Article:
What we learned launching a first-of-its-kind distillery for Jose Cuervo
Written by Barbara Bell
You’d be remiss to find a bigger buzzword in our industry last year than the “metaverse.” By early 2022, even though the massive spike of internet searches for the term had dropped (+7,200% in Q4 2021 according to Google Trends), the web3 hype had indeed made its way to… the brands. First there was the MillerLite bar. Then Wendy’s. JPMorgan Chase. Burberry. Samsung. Chipotle. And Jose Cuervo.
In March 2022, Cuervo bought a virtual plot in Decentraland, a 3D virtual world browser-based platform that uses the Polygon blockchain. The brand came to Mekanism with an opportunity: to launch the first tequila distillery in the metaverse in a culturally-relevant way. We were tasked with developing a metaverse activation strategy and overseeing the full roster of agency partners (experiential designers, architects, programmers, etc.) who built the distillery from the ground-up over the course of five months.
When we launched the Cuervo Metadistillery in July, the activation was well-received. We outperformed adjacent events like Netflix’s The Gray Man featuring Ryan Gosling and Chris Evans. We saw a higher volume of visitors than the entire Decentraland platform typically sees in a day. But the long-term viability of the space is still up in the air. External organizations like CoinDesk have claimed that Decentraland’s daily active users (DAU) dropped significantly during October’s crypto crash. While there is not yet standardized reporting in the space, the platform has irrefutably disputed those figures.
The role of the metaverse for brands appears to be at an inflection point. But the role that web3 will continue to play in fostering community online is presumably here to stay. Whether you’re reading this as a metaverse enthusiast, a metaverse skeptic, or maybe someone in between, we think the challenges (and privileges) of launching the Cuervo experience are worth reflecting on.
This following is a conversation with Hannah Lewman, associate strategy director and Jeff MacDonald, social strategy director. Interviewed by Barbara Bell, brand supervisor.
BB: We had an opportunity to do something as the first tequila brand in the metaverse, which was exciting, but also a bit daunting. How did we approach it?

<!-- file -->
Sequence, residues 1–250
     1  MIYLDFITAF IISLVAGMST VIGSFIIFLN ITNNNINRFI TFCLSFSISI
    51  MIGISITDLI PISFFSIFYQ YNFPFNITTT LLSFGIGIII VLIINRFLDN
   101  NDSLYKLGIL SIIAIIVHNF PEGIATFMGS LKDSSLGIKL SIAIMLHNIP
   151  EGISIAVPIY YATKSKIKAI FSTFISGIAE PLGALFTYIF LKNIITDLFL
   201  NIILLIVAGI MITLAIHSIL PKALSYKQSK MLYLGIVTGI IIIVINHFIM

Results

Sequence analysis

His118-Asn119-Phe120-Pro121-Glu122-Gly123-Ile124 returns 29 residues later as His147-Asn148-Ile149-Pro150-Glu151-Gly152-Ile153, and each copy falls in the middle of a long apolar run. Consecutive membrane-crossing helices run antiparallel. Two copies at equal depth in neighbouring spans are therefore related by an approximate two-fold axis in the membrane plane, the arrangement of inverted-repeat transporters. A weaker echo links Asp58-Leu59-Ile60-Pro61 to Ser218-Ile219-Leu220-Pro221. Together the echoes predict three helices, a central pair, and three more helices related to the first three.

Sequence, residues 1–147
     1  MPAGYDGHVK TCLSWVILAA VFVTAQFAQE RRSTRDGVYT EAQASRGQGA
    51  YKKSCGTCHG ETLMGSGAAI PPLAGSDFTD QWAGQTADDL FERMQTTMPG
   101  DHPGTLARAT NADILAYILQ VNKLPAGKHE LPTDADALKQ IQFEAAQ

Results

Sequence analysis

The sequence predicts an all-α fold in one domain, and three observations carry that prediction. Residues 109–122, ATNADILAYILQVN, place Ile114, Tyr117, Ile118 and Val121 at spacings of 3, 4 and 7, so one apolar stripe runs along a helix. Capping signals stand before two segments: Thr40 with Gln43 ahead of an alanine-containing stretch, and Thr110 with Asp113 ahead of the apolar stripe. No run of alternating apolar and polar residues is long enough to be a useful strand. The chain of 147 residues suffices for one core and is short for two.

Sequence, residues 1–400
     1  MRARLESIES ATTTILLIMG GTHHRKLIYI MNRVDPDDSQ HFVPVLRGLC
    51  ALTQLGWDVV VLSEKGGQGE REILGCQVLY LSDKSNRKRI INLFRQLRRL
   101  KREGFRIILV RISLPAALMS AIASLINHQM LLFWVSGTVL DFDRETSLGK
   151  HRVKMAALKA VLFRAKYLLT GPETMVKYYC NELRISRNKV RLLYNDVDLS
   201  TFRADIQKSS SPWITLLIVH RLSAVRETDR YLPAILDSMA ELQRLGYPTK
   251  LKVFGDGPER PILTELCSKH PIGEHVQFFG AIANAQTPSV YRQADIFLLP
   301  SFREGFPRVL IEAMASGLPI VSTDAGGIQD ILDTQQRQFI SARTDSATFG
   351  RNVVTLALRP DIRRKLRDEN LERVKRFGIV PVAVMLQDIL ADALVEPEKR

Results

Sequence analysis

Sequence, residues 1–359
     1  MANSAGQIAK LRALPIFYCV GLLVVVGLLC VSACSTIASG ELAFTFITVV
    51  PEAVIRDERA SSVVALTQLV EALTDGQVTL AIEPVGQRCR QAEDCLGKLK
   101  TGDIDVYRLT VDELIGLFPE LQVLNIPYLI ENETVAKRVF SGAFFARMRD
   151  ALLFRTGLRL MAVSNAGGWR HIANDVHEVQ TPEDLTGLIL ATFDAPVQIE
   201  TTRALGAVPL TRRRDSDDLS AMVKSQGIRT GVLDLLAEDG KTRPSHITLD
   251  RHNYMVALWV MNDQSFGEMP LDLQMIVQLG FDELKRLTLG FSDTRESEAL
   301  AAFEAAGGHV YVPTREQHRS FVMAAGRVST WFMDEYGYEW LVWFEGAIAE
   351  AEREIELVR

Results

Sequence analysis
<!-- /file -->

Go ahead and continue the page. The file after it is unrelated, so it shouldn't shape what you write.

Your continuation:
HL: The first, most obvious opportunity was to be the first. Cuervo has a long legacy of being the first: the first licensed tequila brand in the world, the first distillery in Latin America, the first tequila used in a margarita… it’s in our brand DNA. But as we thought about that opportunity, we realized that being the first wasn’t enough to sustain peoples’ attention. It’s a great headline, but not a compelling long-term proposition. So we thought about what unique role Cuervo could play. Our brand positioning is about bringing people together and helping friendships form faster. There’s a nice synergy there with Decentraland, which is a platform that enables people to connect online like they’ve never connected before. In combining those forces, we could build a space to facilitate instant connection and fun, whether you were friends or strangers.
BB: From the agency perspective, what excited you about Cuervo being Mekanism’s first metaverse venture?
JM: For me, it was approaching the experience in a different way from other alcohol brands. As a creative technologist and social strategist, my goal is to ensure that technology is in service of an idea, not the other way around. Cuervo’s “hit fast forward on friendships” thesis was a test and learn opportunity: by starting with a niche native web3 audience, could we use the metaverse to foster friendship and connection? We also agreed that Cuervo needed a long-term strategic approach, not a one week stunt or a two week promo. I was excited about creating a permanent space and being able to grow our offerings with it. That set the project apart.
BB: Cuervo’s a big global brand. We advertise to pretty much anyone who drinks alcohol, let alone tequila. And yet, spirits drinkers, broadly, weren’t the target audience for this campaign. Jeff alluded to it, but why did we hone in on an “early adopter” approach? And what did that entail?
HL: Web3 may have had mass cultural relevance, be it through crypto commercials at the Super Bowl or Pete Davidson singing a song on Saturday Night Live about NFTs, but it was still a niche space. And while Decentraland is a platform, in many ways it is also a subculture. We wanted to understand the language of the people who were in that space and design for the audience at the heart of that subculture.
JM: The metaverse audience is made up of highly-engaged individuals. There are people who go to every experience that shows up on the [Decentraland] events calendar to collect badges, prizes, and chat with other denizens throughout the game. Unlike other brands that were attempting to onboarding people to the blockchain, we wanted to amplify the engagement that was already there.